“Don’t turn your head. Keep looking at the bandaged place. That’s where the light enters you...”—Rumi
Thirteen years ago today, my mother knocked on my bedroom door around midnight, and I told her to come in. For some reason though, my door was stuck, and my uncle had to break down the door before my mother could come in. As soon as my mother sat on my bed, I knew what she was going to say. I knew that my father had passed away, after a two-year battle with brain cancer.
I remember that night clearly. I can still hear the specific octaves and pitches of wailing that filled our home. I can still see my mother lying down on our worn-out green leather couch, wearing a black kaftan. She looked so lost, but maintained her poise. I remember feeling numb, and not shedding a tear. In fact, for at least two years, I never allowed myself to cry about my father’s death. I knew that as my parent’s first child, I needed to be strong for my siblings and my mother. What I didn’t know is that strength and suppression sometimes have costs. In my case, the cost was memory.
While I still vividly remember the night of my father’s death, my memories from before that night, and for a period afterwards, are few and far between. I was fifteen years old when my father passed away, and by the time I enrolled in college two years later, I could count on one hand the things I could remember about him. I also realized that along with the loss of the memories of my father, I had forgotten a lot of my childhood memories. Friends and family were often shocked (and sometimes offended by) the things and people I could not remember. Some just teased me and said I had an old woman’s brain.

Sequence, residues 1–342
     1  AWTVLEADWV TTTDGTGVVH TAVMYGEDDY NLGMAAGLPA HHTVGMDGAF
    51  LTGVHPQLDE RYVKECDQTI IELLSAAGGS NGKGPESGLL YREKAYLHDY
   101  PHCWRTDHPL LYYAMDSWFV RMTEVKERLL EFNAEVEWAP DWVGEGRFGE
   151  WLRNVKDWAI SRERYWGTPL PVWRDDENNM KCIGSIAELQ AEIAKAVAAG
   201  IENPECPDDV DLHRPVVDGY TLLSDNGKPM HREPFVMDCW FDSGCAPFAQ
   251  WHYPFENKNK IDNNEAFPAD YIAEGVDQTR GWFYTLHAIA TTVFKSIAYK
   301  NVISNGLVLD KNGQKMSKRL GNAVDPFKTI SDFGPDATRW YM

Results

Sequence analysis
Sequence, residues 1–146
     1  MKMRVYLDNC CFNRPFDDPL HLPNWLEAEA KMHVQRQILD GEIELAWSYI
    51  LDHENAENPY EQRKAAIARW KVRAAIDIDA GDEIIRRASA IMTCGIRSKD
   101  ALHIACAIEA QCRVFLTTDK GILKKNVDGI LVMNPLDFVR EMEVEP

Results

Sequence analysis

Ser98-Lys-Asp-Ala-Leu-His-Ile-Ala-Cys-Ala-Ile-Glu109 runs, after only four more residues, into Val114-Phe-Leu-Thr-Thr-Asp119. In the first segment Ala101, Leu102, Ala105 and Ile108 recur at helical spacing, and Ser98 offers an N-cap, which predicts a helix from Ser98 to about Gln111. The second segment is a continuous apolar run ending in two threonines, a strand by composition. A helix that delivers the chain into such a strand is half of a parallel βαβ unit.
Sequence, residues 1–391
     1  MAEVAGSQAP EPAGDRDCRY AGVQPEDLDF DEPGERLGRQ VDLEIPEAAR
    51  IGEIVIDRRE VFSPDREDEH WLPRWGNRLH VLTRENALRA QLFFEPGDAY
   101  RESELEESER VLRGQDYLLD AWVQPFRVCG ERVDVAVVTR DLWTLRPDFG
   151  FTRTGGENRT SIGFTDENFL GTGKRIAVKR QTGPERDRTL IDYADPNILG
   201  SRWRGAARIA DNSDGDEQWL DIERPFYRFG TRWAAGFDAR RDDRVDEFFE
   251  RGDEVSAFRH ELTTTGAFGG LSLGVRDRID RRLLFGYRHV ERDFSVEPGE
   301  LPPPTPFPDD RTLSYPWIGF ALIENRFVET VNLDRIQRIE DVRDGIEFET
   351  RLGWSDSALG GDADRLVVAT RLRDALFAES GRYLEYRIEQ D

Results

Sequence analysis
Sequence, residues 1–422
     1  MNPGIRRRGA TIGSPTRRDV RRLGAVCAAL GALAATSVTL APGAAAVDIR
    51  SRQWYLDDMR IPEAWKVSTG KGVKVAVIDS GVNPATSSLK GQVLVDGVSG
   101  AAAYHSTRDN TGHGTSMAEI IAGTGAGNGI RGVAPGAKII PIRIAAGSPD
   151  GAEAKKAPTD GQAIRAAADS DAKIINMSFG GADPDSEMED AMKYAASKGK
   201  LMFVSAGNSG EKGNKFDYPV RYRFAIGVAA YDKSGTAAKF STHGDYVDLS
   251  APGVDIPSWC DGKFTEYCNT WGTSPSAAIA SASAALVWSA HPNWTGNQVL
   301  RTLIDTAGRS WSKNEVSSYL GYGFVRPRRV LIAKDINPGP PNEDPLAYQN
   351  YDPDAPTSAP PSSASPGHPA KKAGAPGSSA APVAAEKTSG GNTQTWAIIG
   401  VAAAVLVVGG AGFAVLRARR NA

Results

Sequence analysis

During my final semester in law school, I was selected to be a student attorney for the international human rights clinic at my school. As part of my training, I had to take a trauma seminar to understand the psychological aspects of dealing with human rights victims. During that seminar, a psychologist explained that when people go through traumatic experiences such as the death of a loved one, they might suffer memory loss as a coping mechanism. I spoke with the psychologist after the seminar, and for the first time, I made a connection between my father’s death and my memory loss. Forgetting had been my sub-conscious mode of self-preservation.
After law school, I moved back to Nigeria to do human rights and development work. Surrounded by my father’s stories, pictures and legacy, the memories started trickling in. Unearthing memory meant opening the lid on an untapped reservoir of pain. That year, I wrote a poem called ‘An Appeal to Memory’ for the 10th anniversary of my father’s death. Today, the 13th anniversary of my father’s death, I thought to share it again (see below).
There is still much about my father and my childhood that my younger sister and mother have to remind me of, but I continue to allow myself to remember. There will always be some pain associated with the memories of my father—but thirteen years later, his memories come with gratitude, healing, knowledge, and laughter too.
Here’s a funny thing about life that death has taught me: there are times when we must forget to heal, and there are times when healing requires us to turn our heads, and look at the bandaged place.